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Re: Frequent metadata corruption with ext3 + hard power-off



Hello,


After 2 months of usage, all such system-destroying problems have disappeared 
after disabling write caching and setting data=journal (instead of ordered).

Just thought I should let everyone know. Thank you Ted.


If anyone has any insight into what was going on, I'd appreciate it:

Namely, I'm confused: I would guess caching simply delays the time data gets 
to disk, and perhaps exacerbates data being written in not-the-order it was 
given? But, how could this cause a problem on a journaled filesystem? if one 
is (theoretically) only appending to the journal, checksumming/hashing to 
detect consistent journal entries on failure (since the last checkpoint), and 
only replaying consistent journal entries (which are idempotent)... then, 
assuming all those things above work, how could caching cause massive 
corruption of the directory tree? (Is the above an accurate model for ext3?)

Also, does anyone think data-journaling mode being 'ordered' instead 
of 'journaled' had anything to do with it?


Sincerely,
Mats

On Sunday 18 March 2007 09:33:59 Theodore Tso wrote:
> It sounds like you have a disk which is doing very aggressive write
> caching.  If you are using a new enough kernel (2.6.9 or greater
> should have this), adding "barrier=1" to your mount options should
> help.  We should probably make this the default at this point...
> 
> 						- Ted

On Saturday 17 March 2007 21:42:17 Mats Ahlgren wrote:
> Hello.
> 
> I'm having serious issues with ext3; any insight would be greatly 
appreciated:
> 
> 
> _____ Overview:
> 
> I believe ext3 is supposed to be recoverable in the case of a power failure 
by 
> replaying the log.
> 
> However, on two separate computers (running different operatings systems 
too), 
> this has been everything but the case.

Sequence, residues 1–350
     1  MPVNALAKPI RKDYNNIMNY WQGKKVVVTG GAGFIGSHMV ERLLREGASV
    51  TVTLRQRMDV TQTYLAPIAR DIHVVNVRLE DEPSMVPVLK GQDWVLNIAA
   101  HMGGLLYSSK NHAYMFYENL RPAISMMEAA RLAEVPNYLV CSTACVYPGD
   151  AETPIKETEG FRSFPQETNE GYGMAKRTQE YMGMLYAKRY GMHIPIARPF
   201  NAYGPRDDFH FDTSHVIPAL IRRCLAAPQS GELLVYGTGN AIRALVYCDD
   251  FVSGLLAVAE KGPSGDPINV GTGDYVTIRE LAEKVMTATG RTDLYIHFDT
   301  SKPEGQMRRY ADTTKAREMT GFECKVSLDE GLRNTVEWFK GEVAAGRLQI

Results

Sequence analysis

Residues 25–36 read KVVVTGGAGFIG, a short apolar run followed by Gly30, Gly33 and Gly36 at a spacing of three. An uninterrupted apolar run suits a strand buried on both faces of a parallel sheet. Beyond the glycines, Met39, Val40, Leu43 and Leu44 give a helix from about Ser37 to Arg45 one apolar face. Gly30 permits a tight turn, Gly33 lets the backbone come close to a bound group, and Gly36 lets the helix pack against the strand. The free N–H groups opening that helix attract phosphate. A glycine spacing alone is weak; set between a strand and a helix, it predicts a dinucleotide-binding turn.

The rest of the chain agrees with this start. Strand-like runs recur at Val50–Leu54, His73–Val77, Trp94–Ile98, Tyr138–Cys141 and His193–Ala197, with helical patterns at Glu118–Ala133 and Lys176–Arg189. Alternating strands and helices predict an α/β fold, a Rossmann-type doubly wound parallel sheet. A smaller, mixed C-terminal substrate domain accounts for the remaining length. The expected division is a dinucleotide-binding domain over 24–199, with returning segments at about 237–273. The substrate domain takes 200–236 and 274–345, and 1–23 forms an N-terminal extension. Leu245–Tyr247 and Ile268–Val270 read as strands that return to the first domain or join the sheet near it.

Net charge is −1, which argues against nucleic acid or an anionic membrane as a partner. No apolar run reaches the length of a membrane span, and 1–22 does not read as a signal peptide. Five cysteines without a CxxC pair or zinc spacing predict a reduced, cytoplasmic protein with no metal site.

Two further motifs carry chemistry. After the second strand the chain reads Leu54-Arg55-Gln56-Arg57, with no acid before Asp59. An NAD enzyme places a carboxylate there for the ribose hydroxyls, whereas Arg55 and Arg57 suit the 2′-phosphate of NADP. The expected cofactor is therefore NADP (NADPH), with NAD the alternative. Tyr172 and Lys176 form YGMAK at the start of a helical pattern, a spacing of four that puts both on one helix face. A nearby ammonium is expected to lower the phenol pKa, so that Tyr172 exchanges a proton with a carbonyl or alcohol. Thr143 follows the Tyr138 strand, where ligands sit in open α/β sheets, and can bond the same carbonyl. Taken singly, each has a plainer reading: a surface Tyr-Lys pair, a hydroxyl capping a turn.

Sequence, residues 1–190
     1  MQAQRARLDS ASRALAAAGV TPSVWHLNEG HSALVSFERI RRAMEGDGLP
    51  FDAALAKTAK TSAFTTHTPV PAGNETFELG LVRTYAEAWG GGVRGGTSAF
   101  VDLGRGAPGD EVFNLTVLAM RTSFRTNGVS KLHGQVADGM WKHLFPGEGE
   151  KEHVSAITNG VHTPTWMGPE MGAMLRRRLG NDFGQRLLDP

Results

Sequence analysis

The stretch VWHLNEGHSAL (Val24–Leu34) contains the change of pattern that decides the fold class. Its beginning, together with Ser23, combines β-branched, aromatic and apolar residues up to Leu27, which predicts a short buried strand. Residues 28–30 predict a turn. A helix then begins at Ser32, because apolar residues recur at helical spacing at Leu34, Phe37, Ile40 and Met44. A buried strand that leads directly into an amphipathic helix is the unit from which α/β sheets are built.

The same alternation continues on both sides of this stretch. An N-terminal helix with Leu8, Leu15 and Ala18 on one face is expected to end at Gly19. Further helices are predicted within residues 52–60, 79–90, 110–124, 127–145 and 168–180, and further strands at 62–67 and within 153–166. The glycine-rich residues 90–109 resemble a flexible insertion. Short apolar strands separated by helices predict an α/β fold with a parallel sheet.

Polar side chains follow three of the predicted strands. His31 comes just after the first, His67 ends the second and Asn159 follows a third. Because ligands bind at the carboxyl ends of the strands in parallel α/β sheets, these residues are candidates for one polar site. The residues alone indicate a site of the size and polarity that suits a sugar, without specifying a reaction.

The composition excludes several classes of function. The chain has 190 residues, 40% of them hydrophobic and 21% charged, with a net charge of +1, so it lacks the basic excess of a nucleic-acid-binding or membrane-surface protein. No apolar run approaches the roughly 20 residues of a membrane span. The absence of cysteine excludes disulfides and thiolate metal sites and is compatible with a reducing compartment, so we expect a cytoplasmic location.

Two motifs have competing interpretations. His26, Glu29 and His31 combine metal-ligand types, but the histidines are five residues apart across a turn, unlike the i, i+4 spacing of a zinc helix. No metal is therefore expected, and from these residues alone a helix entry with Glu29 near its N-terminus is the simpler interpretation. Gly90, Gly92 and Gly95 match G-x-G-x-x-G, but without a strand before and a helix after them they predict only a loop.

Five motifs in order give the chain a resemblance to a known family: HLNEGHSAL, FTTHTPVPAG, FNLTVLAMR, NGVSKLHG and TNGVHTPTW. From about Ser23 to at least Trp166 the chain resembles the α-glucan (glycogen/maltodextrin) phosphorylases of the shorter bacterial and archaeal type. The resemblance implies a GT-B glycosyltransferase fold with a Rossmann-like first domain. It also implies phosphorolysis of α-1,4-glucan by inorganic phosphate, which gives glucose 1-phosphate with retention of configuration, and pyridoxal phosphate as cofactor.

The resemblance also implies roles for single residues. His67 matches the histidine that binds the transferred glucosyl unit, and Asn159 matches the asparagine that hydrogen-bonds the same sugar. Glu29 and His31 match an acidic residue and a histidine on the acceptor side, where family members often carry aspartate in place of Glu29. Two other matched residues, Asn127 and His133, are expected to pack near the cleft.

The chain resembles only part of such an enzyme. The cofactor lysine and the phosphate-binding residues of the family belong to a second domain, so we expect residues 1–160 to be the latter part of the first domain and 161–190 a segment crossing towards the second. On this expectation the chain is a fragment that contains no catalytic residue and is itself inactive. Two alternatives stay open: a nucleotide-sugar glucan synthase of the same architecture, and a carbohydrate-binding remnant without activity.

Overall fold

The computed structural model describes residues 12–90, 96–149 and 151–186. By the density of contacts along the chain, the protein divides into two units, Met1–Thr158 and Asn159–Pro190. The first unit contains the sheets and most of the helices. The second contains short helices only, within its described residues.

> 
> 
> _____ Specifics:
> 
> Sometimes, my kernel will hard-freeze and I'll have to do a hard reboot. 
When 
> this happens, sometimes fsck will insist on running and find some orphaned 
> inodes, which it will proceed to put in the /lost+found directory.
> 
> This is unacceptable: The last time this happened, random files in my 
> operating system were plucked from the file system and stuffed in 
lost+found, 
> corrupting the OS and forcing a reinstall. Another time, files I had 
recently 
> moved (a final project) a minute before the crash were orphaned and put in 
> the lost+found, effectively destroying it.
> 
> Why should a lost+found folder even be necessary when the file hierarchy is 
> guaranteed to be consistent?
> 
> 
> In response to these problems, I changed the ext3 journaling mode 
to "journal" 
> rather than "ordered" (frankly it seems deeply disturbing that "ordered" is 
> the default). Since then, I've once had to hard-reboot and yet again found 
> files in the /lost+found folder.
> 
> Might anyone know why ext3 is not fulfilling its promise of an 
> always-consistent file system?
> 
> 
> _____ Other interacting issues:
> 
> I'm running RAID1 (mirroring) on one computer, but I've had the same issues 
on 
> another computer without RAID.
> 
> (In response to "you shouldn't hard-reboot your computer": I realize that 
most 
> computers are not meant to be hard-rebooted, but I don't have a sysrq key 
and 
> xmodmapping it has been difficult. I also realize that kernels shouldn't 
> crash, but what's a person to do if the computer doesn't respond to 
> ctrl-alt-f1 and doesn't leave any messages in the logs...)
> 
> (In response to "maybe your drive is defective": This is not a problem with 
a 
> defective drive; I've tried multiple drives.)
> 
> (In response to "you should backup your data": Periodic backups clearly 
help, 
> but it's ridiculous to restore a system from backup every week because a 
> hard-freeze corrupted your filesystem...)
> 
> 
> Any insight would be greatly appreciated. These problems have been making me 
> look for other file systems (such as zfs, which unfortunately I can't use to 
> boot; or reiser4, which also makes a filesystem-is-always-consistent 
> guarantee); I would prefer to use ext3, but I've never had these sorts of 
> problems with old Mac OS, OS X, or Windows.
> 
> 
> Thank you,
> Mats
> 
> _______________________________________________
> Ext3-users mailing list
> Ext3-users redhat com
> https://www.redhat.com/mailman/listinfo/ext3-users
> 




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